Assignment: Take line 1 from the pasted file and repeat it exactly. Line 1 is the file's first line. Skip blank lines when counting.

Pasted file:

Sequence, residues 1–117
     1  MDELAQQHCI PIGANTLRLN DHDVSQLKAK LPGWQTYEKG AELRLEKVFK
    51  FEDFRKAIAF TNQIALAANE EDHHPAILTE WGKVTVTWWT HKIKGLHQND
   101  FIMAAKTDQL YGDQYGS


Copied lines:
Sequence, residues 1–117